What’s in Your Cat Food? Maybe That’s Not the Real Vegan Issue

Cats and dogs have been changed from wildcats and wolves. Selective breeding separated them from their potential to evolve in nature. It also made them dependent on human care. These are the unpleasant facts.

The vegan principle—and honest love—calls on us to end the selective breeding of other animals. Not to assume wildcats and wolves should be ours to have and hold, or that they must participate in a vegan ideal.

We go to great lengths for the animals we know and love, yet many people will not or cannot. That’s why dogs, cats, and other animals raised as pets are steered to shelters by the millions annually—and many don’t come out.

Furthermore, no dog or cat is vegan, as veganism is an anti-domination principle—not simply a list of allowed ingredients.

Social justice is elusive in human relations; but we strive for it. We need to also strive to be fair members of the community of life on Earth.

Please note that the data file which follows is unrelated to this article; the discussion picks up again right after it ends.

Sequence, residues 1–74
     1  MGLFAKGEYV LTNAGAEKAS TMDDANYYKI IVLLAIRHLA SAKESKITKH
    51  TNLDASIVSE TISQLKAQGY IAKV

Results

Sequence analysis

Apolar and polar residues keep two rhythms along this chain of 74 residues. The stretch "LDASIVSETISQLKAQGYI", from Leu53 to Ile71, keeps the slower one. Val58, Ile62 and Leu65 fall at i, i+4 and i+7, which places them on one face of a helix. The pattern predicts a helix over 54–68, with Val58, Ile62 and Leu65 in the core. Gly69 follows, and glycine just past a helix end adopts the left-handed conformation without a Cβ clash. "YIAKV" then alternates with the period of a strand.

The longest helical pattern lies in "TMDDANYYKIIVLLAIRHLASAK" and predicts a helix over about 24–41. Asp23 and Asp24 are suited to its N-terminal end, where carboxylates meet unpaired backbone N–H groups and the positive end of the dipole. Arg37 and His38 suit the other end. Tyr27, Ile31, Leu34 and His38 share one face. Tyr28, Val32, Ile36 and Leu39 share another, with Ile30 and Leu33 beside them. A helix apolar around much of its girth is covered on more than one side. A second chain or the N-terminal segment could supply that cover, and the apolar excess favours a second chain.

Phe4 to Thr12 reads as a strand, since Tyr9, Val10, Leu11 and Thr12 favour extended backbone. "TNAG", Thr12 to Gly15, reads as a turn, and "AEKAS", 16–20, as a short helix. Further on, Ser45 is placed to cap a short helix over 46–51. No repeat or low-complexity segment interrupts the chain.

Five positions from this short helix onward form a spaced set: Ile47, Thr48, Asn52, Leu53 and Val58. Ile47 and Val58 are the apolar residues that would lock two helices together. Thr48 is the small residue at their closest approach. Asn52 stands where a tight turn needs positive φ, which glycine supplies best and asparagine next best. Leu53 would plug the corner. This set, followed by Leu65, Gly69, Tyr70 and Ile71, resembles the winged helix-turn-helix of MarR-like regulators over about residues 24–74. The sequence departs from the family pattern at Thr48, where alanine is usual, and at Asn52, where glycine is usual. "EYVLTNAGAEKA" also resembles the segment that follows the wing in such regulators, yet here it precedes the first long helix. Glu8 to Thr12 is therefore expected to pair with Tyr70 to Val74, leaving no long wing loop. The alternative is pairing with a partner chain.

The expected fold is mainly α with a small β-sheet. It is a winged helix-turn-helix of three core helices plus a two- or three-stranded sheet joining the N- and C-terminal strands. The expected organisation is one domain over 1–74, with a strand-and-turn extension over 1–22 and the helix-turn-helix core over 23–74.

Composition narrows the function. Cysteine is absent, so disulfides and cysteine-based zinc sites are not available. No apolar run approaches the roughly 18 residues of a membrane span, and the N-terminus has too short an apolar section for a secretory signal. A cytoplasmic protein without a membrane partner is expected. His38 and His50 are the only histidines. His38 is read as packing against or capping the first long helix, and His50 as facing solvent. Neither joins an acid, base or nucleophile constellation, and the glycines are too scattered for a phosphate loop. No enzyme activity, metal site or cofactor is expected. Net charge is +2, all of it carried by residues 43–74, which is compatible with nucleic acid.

Selective breeding and forced dependence aren’t fair, nor can they be.

What Can We Do, Then?

Let’s understand pet breeding for what it really is. Until the 1800s, keeping animals as pets was an aristocrat’s hobby. Relatively recently, it exploded into a multi-billion-dollar industry. How can vegans deal with this situation? Rather than try to make cats eat plants, we can consider:

  • Talking about pets. Calling out the custom. Defending the life and freedom of undomesticated cats and dogs, including the wildcats and bobcats, the wolves and coyotes. They are the ones being erased as selective breeding becomes the norm.
  • Speaking out against pet breeding—whether done through high-volume companies, local businesses, or someone’s home.
  • Supporting local trap-neuter-return (TNR) groups that care for, while gradually phasing out, groups of cats outdoors.

Some will say this challenge could ultimately lead to a society without “companion” animals.

Is that so bad? I’m not asking a glib question.

Can’t we care about other animals, and derive joy from their presence on this Earth, without controlling, having and holding them? Doesn’t the feeling that we could do that make us empathetic—and vegan—in the deepest sense?


Banner image by A.R.T.Paola, available here.

The New Year’s Day Dog Show

In just an hour, the New Year’s Day AKC Dog Show will air on Animal Planet.

You know, many vegans fault people for consuming some animals even though these same people love their dogs.